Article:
Chemical Organization Theory as a universal modelling framework for self-organization, autopoiesis and resilience

Francis Heylighen, Shima Beigi, Tomas Veloz

Research output: Working paper


Chemical Organization Theory (COT) is a recently developed formalism inspired by chemical reactions. Because of its simplicity, generality and power, COT seems able to tackle a wide variety of problems in the analysis of complex, self-organizing systems across multiple disciplines. The elements of the formalism are resources and reactions, where a reaction (which has the form a + b + … → c + d +…) maps a combination of resources onto a new combination. The resources on the input side are “consumed” by the reaction, which “produces” the resources on the output side. Thus, a reaction represents an elementary process that transforms resources into new resources. Reaction networks tend to self-organize into invariant sub-networks, called “organizations”, which are attractors of their dynamics. These are characterized by closure (no new resources are added) and self-maintenance (no existing resources are lost). Thus, they provide a simple model of autopoiesis: the organization persistently recreates its own components. Organizations can be more or less resilient in the face of perturbations, depending on properties such as the size of their basin of attraction or the redundancy of their reaction pathways. Concrete applications of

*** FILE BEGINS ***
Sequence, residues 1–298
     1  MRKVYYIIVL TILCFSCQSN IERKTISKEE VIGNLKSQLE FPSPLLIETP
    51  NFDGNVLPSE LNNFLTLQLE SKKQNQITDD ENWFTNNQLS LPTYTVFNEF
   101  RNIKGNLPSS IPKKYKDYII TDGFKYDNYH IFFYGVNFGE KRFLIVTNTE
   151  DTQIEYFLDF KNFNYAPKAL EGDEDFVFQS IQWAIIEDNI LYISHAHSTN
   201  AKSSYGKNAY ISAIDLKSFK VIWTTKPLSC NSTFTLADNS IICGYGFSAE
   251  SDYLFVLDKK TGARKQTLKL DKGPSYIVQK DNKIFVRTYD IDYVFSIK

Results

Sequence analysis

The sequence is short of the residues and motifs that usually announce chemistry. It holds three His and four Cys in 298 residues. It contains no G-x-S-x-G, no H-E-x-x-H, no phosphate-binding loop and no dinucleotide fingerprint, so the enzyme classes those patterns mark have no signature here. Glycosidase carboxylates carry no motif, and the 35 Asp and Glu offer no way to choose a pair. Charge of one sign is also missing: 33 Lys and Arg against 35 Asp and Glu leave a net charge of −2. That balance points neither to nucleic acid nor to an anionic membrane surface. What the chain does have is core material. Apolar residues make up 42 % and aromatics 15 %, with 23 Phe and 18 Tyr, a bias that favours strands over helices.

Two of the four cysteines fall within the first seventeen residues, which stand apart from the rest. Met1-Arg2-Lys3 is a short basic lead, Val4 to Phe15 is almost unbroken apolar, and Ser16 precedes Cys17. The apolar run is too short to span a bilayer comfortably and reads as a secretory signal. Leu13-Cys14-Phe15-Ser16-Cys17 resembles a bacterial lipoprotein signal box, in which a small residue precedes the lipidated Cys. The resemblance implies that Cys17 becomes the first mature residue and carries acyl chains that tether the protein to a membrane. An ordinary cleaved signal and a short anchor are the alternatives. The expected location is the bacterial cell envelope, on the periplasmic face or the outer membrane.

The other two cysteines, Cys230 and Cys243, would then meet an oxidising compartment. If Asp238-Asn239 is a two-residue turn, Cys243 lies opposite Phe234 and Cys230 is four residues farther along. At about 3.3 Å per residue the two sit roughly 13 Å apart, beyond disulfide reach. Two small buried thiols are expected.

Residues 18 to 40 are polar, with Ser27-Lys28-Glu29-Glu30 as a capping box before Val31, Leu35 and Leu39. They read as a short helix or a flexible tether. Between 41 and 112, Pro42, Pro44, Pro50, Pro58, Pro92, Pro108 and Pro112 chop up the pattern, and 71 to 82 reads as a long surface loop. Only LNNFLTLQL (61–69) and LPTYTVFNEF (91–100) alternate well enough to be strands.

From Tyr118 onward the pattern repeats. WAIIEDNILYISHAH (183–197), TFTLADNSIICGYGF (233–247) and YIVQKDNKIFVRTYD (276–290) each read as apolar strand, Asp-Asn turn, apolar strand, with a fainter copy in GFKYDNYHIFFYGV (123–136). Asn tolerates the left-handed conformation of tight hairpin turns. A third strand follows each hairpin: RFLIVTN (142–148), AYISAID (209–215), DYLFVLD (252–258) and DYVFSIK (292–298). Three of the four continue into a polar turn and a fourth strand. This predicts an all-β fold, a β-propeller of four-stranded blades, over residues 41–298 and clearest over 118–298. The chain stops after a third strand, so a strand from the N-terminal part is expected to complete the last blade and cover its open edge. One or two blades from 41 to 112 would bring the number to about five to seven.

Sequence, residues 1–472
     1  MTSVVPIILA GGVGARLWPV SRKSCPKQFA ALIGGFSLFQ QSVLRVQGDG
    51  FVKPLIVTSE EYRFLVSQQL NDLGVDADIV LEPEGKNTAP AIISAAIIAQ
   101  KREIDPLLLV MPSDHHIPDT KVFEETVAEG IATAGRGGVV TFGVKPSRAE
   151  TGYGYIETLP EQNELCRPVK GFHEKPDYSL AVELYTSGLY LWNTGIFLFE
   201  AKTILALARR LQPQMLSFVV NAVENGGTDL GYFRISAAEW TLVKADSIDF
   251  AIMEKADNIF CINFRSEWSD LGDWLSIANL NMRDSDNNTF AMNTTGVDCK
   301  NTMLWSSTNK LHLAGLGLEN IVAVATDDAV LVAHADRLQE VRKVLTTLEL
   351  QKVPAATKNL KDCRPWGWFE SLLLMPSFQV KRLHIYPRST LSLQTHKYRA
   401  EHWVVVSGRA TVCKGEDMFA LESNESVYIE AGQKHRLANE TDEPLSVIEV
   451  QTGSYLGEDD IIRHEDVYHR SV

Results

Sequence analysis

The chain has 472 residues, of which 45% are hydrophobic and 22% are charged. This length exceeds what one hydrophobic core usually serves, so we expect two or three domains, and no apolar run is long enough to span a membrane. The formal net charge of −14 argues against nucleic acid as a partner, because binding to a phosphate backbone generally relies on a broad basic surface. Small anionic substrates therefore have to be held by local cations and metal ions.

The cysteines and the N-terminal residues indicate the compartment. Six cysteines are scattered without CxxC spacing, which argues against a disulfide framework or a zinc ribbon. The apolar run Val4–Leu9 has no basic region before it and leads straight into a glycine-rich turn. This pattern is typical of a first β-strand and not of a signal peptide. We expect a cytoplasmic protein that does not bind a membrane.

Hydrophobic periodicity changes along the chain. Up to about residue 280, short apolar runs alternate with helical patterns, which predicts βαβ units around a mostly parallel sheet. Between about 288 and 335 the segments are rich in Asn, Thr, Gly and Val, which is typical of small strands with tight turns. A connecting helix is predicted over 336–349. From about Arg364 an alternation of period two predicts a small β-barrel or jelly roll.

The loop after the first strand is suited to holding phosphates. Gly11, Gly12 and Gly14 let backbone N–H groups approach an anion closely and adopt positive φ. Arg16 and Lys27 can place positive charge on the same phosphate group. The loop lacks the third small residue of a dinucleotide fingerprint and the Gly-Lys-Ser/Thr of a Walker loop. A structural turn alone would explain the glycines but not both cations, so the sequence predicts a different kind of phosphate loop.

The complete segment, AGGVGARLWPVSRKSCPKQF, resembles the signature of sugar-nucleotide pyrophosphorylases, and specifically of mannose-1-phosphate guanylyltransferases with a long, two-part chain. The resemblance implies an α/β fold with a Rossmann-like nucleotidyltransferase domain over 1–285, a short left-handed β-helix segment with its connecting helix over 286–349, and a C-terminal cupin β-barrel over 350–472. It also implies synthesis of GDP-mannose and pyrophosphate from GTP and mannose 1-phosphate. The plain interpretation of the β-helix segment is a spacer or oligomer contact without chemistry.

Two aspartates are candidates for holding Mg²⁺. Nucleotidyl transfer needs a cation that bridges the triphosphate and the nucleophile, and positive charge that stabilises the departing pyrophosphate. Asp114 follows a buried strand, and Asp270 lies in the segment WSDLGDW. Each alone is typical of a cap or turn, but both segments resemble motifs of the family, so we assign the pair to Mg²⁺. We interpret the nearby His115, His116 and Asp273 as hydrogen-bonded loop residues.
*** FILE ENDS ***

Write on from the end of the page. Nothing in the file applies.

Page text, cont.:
organizations can be found in auto-catalytic cycles, metabolic or genetic regulatory networks,
ecosystems, sustainable development, and social systems.
Original languageEnglish
Number of pages31
Publication statusPublished - 4 Apr 2015


  • Resilience
  • Sustainable development
  • Tragedy of the commons
  • Chemical Organisation Theory


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